A friend just asked if I was GTDing again, and here was my answer:
First: a warning: in my experience, GTD (and other time management techniques) is world-changing for a while when you first introduce it – it really clears everything out and increases productivity, reduce stress, and helps … get things done. GTD can feel like it will revolutionize your life.
But it won’t, unfortunately, or at least not completely. Often after a few of months, as the pile of undone things on your list start lingering, you start getting what my friend Maurizio calls the “black cloud of GTD oppression” … where (if you are using GTD software) you start feeling fear of opening up the software because of how guilty you feel about all the undone things.
I think part of this problem comes from trying to get a system to combat your personality and failings; whereas what you really need to do is find a system you like, and shape it so that it works well with your personality and failings.
So: GTD is great, but don’t rely on it to solve everything, you need to adapt it to yourself. I have been fairly successful with this recently – I’ll get back to you in six months. I am using Things, a very nice mac app/iphone that syncs between devices. I’m liking it very much.
One of the important things you have to do is figure out your “contexts” – in the end I didn’t like the suggested way that GTD likes you to organize things, by “project” and by context = “how you get that work done.”
So typically, you would have a set of projects, for me:
- Book Oven – Product
- Book Oven – Business
- Book Oven – Community
- Atwater Library
- Business – Other
You can label your projects however you like of course.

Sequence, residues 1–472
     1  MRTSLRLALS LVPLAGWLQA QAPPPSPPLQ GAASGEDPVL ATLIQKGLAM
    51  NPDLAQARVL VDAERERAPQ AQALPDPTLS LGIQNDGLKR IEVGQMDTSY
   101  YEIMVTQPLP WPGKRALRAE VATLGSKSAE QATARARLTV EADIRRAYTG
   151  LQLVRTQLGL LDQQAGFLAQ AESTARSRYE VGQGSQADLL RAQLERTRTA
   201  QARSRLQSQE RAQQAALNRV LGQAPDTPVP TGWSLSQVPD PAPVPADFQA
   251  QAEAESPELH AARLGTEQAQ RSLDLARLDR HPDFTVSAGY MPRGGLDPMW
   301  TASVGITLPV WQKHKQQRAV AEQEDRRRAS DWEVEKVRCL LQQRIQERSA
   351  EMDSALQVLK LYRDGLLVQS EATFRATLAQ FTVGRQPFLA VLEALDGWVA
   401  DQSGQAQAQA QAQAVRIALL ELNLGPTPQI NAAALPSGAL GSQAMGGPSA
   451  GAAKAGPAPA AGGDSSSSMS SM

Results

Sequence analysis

Then there is the “contexts” sorting … which could be, if I understand orthodox GTD procedure:
But I found that I really do not like sorting contexts that way at all – not sure why. My need is more time-based – making sure I get stuff done on time.
So my contexts are:
And every morning I resort my Things list – adding new things to the today, and bumping things off that I realize I won’t have time to do.
The “oppressive” context was a real revelation for me – that’s where I put things that are nagging at me that I just can’t seem to get done for whatever reason. They are the great drivers of the black cloud of GTD oppression, so quarantining them is helpful. It lets you acknowledge to yourself that you won’t get those things done, because you just can’t get at them, and that they are increasing stress levels enormously. So stop thinking about them. The surprising result is that by acknowledging that you won’t get those oppressive things done, it gets much easier to get them done.
GTD is always a great way to declutter the brain, and break work down into component bits. But the challenge is integrating it into a long-term workflow that suits your personality – and acknowledges your faults rather than trying to defeat them.